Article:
Ascension Parish School Board

Updates

Information About Reported Smell in Some T-Buildings

   
   


 

 
Aug. 6, 2017

Dear Galvez Primary, Galvez Middle, Lake Elementary and St. Amant High Families,
 
Friday evening, a report by WBRZ indicated Ascension Public Schools has been working to eliminate an odor at some of our new temporary ("T") buildings. Let me begin by apologizing to those of you that were disappointed that we had not shared with you information regarding our work on the new temporary buildings in the last couple of weeks. In hindsight, I should have provided you with some information. This message is an effort to provide you with the timeline of events, what we've learned, and what we are doing with regard to what was reported to us several days ago as an ammonia-like smell.
 
Each year, as we bring buildings, buses, technology, and many other resources back online for the start of school, we discover last minute issues that need to be addressed. These buildings were part of that process. Many buildings on our temporary campuses were used throughout the summer for summer activities. The buildings that remained in use throughout the summer have not been reported to have a distinct smell. However, several buildings sat throughout the summer with little or no use and minimal, if any, traffic in and out. These dormant buildings (less than 25% of our 40 modular buildings) were reported to have a presence of this smell.
 
Additionally, it is important to include that these campuses have hosted days of high traffic this past week with activities of teachers, parents, and students during prep week and other beginning-of-the-year functions. These activities have gone well. Given that those activities involved many of you, as parents/guardians, it was our assumption that most of you were aware that we were working on eliminating unpleasant odors from some of our buildings. The tubing used to ventilate buildings was installed while many of you were on campus for your child's prep day, but again, I apologize for not specifically messaging that to you.
 
Initially, we thought the odor/ammonia-like smell was associated with plumbing. So, our first few days involved testing the plumbing systems, which took place the week before last week. Once we determined that the plumbing was not the source of the smell, we began to explore other possibilities. That effort began early this past week. We called in experts from various sources. During discussions early last week, we began suspecting that the source of the odor was typical off-gassing of newly manufactured materials as is with a new house, new car, new carpet, etc. Heat tends to exacerbate such off-gassing and those buildings with little or no use were simply not properly ventilating those smells, as they would under normal use of ongoing in and out traffic. The smells were temporarily trapped and accumulating. With that as our next hypothesis, we began with some immediate next steps toward a solution:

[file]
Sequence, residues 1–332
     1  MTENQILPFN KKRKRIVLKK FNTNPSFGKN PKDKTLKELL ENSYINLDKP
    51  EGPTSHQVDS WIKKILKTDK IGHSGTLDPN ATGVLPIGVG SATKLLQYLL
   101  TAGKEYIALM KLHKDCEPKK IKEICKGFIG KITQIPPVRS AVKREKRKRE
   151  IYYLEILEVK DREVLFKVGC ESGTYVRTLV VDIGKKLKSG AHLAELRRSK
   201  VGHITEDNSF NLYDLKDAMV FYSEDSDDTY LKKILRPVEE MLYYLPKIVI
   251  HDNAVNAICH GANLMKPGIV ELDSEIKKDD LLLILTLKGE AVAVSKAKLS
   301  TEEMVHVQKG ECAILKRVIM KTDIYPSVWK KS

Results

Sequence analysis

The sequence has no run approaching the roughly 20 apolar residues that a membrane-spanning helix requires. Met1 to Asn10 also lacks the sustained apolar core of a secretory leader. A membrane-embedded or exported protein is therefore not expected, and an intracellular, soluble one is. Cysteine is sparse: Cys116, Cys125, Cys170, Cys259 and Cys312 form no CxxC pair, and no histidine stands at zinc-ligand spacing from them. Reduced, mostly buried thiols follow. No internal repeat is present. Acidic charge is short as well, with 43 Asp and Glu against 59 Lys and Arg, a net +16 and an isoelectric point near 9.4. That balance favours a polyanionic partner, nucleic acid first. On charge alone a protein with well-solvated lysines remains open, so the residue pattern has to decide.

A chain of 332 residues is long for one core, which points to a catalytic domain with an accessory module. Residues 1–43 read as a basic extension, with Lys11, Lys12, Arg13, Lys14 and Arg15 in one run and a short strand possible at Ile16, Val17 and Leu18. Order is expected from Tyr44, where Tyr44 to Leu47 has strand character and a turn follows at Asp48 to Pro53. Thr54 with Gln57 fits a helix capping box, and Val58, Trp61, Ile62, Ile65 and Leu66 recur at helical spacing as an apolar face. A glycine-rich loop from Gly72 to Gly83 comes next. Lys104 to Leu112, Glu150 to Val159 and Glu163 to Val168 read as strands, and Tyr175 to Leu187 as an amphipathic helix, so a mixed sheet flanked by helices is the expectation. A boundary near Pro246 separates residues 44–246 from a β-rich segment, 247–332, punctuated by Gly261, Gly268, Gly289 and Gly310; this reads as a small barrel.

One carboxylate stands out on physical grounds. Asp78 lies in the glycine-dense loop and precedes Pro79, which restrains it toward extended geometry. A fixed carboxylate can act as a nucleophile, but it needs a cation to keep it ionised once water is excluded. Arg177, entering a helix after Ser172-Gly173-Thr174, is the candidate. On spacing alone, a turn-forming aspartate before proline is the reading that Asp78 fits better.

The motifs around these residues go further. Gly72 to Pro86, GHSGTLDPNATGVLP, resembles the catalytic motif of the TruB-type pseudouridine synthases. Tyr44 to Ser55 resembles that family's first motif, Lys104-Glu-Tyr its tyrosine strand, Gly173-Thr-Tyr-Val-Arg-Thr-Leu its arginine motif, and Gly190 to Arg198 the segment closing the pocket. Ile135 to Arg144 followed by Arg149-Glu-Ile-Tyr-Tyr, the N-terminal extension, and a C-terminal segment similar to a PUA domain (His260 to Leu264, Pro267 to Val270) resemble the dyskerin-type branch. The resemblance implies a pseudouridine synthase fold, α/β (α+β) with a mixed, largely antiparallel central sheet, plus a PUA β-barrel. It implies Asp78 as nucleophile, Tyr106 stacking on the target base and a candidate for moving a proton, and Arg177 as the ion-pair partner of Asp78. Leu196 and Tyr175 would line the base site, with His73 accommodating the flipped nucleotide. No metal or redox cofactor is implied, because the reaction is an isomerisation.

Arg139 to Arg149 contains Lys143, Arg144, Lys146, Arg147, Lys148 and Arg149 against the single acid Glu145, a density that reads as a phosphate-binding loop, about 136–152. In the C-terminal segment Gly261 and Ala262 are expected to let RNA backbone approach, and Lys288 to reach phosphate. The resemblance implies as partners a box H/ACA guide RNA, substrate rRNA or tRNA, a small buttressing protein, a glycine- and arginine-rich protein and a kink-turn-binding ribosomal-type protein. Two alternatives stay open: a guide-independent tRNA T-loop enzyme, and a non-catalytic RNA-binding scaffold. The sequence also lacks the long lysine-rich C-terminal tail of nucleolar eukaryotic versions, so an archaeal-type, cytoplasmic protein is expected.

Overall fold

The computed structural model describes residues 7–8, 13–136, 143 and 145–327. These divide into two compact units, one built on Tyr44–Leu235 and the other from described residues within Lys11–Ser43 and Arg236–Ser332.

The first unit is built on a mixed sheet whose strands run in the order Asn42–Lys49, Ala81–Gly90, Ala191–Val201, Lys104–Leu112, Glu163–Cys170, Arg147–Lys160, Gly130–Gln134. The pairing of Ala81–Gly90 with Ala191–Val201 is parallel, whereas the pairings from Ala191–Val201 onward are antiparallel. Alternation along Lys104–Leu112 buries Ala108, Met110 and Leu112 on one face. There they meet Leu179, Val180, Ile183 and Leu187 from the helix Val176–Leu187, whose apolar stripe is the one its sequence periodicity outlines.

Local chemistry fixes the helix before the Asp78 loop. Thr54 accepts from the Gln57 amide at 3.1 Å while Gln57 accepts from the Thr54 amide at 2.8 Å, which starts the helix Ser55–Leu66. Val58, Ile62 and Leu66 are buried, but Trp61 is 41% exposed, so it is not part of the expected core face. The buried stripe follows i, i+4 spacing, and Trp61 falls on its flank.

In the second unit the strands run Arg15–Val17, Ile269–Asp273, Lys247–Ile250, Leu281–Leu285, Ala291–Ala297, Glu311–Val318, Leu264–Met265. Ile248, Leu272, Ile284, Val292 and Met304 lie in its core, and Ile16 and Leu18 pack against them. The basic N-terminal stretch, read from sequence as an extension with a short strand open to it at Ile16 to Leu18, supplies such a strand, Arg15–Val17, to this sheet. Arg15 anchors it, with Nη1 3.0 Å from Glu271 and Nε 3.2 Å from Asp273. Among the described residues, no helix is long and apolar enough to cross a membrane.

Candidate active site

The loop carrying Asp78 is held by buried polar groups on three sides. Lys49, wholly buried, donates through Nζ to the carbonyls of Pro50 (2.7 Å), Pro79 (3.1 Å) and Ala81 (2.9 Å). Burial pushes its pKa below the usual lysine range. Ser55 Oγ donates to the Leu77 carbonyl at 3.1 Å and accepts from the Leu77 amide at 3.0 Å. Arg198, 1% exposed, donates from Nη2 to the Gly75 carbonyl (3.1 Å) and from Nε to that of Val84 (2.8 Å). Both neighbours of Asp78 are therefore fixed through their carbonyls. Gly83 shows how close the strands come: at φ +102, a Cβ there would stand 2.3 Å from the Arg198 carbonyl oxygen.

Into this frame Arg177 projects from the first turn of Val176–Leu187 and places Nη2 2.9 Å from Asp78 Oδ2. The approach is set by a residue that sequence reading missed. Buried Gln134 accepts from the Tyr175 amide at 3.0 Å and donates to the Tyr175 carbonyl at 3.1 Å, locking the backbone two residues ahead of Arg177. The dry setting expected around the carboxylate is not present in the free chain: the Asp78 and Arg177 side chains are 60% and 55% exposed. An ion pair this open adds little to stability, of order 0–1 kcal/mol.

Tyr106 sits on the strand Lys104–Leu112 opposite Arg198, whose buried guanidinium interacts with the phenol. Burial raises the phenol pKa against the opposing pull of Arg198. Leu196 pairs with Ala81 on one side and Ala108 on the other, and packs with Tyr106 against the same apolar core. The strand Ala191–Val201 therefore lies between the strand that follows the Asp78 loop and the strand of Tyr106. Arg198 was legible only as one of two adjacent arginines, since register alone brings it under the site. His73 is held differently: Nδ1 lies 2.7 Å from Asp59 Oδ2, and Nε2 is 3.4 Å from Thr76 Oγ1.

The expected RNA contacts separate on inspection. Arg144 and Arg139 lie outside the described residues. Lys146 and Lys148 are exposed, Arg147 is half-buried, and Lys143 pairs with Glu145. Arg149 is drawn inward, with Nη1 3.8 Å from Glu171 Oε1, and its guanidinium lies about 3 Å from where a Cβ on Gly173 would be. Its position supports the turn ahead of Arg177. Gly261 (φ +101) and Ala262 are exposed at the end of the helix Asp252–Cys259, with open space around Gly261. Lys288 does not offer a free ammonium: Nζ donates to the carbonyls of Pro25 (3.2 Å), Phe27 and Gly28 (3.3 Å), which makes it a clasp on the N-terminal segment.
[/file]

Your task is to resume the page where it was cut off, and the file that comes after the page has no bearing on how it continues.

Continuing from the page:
1. Accelerate ventilation as you would in your own home if you had the presence of an unwelcome smell or odor. And, as we always do, out of an abundance of caution, we chose to include all the new T-buildings at Galvez Primary, Galvez Middle, Lake Elementary, and St. Amant High schools in this accelerated ventilation effort, not just those identified as problems to ensure that we don't begin experiencing problems in other buildings.
  2. Call in environmental experts to ensure air quality safety, better identify the source of the smell, and get advice regarding prevention of any future occurrence of this odor. We partnered with environmental engineers and have been in conversation with the Department of Health and Hospitals (DHH) and chemists. Our two goals here are to ensure continued safe occupancy first but, in addition to that, comfortable occupancy. It is not enough to just ensure environmental safety, but we need to also ensure that all teachers and students do not experience any irritation from any possible odor, even if that odor is within environmental safety standards.
  3. Partner with Aries, our T-building manufacturer, to consider enhancing ventilation and/or air flow systems of these buildings by way of more intentional mechanical processes so that we do not have to depend on “use” to serve as the only ventilation system of these buildings. Aries offered to begin looking into installing some additional mechanical processes this weekend.